Addressing the student loan debt problem begins with ensuring borrowers have access to much-needed education on repayment options and direct assistance when working with the for-profit loan servicing industry.  State lawmakers have proposed legislation to regulate student loan servicers and grant enforcement powers to the State Department of Financial Services, but it has not been enacted.  The Governor’s office established a Student Loan Ombudsman in 2018 to give loan holders a point of contact for issues with servicers, but given the scope of the problem, it can’t begin to assist the thousands of students in need of assistance. 

     

     

     

  • Our Program

    Student Loan Consumer Assistance Program

    The Community Service Society (CSS) proposes the creation the Student Loan Consumer Assistance Program (SLCAP), a comprehensive statewide program designed to tackle the serious problem of student debt.

    The program would provide information, direct personalized assistance, and where needed, legal assistance to individuals struggling with student debt. The goal of the program is to help student loan borrowers effectively manage their student debt, improve their financial health, and avoid bankruptcy or other outcomes that could hinder them for years. 

    SLCAP is modeled on the highly successful and nationally known Community Health Advocates (CHA) program which CSS has run since 1999. The CHA Program provides consumer health insurance assistance services to hundreds of thousands of consumers through a helpline and a consortium of CBO’s.  In a similar fashion, SLCAP will utilize CHA’s innovative “hub and spokes” service approach in which a Student Debt Helpline, staffed by professionals and highly trained volunteers, will be established to increase its reach and facilitate access to services for working individuals and those not able to travel to a service location.  A network of organizations in communities throughout New York State will also be created for borrowers who require additional, in-person assistance.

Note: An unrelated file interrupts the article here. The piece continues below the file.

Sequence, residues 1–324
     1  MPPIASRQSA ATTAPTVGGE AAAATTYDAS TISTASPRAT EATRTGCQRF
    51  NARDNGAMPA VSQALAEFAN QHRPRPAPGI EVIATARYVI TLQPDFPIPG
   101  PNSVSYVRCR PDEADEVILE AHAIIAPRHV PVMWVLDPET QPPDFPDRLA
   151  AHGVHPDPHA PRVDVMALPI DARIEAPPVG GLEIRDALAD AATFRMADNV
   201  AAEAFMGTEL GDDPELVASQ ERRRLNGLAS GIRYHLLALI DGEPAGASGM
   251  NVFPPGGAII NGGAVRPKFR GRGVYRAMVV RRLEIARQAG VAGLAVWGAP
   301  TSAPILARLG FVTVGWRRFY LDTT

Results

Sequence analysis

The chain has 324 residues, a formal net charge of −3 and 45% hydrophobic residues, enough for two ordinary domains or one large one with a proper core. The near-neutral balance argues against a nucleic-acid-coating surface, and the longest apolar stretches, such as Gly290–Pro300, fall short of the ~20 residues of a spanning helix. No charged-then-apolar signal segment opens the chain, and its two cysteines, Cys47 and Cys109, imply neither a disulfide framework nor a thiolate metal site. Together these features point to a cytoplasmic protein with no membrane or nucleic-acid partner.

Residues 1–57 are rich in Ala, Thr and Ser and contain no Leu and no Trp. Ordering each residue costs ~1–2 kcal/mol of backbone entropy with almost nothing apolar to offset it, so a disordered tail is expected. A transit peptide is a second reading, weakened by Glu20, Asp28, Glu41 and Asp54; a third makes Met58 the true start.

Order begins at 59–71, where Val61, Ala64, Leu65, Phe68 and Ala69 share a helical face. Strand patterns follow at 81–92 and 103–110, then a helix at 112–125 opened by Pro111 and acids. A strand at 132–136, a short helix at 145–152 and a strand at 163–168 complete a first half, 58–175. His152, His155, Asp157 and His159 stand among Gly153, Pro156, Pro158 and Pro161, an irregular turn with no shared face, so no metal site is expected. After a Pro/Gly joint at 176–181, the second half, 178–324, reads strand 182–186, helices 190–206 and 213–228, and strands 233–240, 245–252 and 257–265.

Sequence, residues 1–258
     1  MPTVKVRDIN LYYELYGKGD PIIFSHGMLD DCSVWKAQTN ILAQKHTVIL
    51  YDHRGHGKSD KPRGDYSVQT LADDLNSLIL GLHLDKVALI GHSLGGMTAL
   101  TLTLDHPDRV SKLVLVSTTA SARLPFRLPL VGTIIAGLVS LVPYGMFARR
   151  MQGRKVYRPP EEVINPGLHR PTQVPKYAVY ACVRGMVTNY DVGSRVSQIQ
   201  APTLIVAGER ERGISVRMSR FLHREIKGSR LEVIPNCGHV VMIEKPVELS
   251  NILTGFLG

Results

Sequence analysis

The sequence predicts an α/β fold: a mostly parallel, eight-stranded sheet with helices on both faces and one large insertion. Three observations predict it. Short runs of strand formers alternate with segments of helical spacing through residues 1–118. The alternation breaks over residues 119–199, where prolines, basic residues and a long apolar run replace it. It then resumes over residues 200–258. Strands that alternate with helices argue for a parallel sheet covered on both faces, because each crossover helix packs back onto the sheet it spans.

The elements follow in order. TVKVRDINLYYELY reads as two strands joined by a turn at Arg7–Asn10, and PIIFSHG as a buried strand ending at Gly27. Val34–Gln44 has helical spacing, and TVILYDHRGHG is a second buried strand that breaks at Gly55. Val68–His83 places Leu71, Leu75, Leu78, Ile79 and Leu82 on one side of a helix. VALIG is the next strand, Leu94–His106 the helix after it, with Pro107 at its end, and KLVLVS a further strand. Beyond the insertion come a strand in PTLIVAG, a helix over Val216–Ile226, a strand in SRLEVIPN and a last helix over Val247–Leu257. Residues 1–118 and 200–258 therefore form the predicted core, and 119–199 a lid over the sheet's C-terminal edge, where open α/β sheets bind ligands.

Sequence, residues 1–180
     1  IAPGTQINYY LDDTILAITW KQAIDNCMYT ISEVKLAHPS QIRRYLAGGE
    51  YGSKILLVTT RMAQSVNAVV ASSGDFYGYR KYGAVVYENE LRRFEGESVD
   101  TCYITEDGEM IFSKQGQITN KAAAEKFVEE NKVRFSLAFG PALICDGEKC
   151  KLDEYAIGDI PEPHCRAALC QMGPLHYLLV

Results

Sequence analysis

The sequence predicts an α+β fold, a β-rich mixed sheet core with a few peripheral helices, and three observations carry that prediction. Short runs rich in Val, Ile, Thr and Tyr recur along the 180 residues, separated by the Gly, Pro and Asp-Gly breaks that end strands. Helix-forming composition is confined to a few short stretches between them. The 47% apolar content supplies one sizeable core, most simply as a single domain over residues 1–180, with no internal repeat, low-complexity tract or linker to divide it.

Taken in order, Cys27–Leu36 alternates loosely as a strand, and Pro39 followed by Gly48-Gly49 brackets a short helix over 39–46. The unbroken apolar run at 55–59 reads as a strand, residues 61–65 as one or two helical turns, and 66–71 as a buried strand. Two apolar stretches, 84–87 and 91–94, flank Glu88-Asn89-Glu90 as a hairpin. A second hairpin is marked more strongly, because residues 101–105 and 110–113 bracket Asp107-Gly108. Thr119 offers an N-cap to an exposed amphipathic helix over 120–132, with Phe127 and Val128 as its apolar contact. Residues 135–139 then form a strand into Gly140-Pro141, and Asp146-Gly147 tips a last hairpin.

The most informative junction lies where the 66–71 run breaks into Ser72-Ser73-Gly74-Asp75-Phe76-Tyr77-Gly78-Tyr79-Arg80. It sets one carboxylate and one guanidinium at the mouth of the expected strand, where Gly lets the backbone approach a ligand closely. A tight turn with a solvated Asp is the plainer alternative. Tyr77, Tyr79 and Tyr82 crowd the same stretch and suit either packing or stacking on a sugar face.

• Video

    The Student Loan Debt Crisis - Scherrisse's Story

     

     


    Examinging the Student Loan Debt Crisis - Event

    Our keynote address and panel discussion was held Thursday, January 31, 2019. We explored what we can do to address this problem, its implications for upward mobility, and how New York compares with what is happening nationally.

     

     

  • Take Action

The Problem

In his 2018 State of the State address, Gov. Cuomo said student loan debt is the second highest debt category in the United States after mortgage debt, accounting for 10 percent of debt balance and amounting to $1.48 trillion nationwide.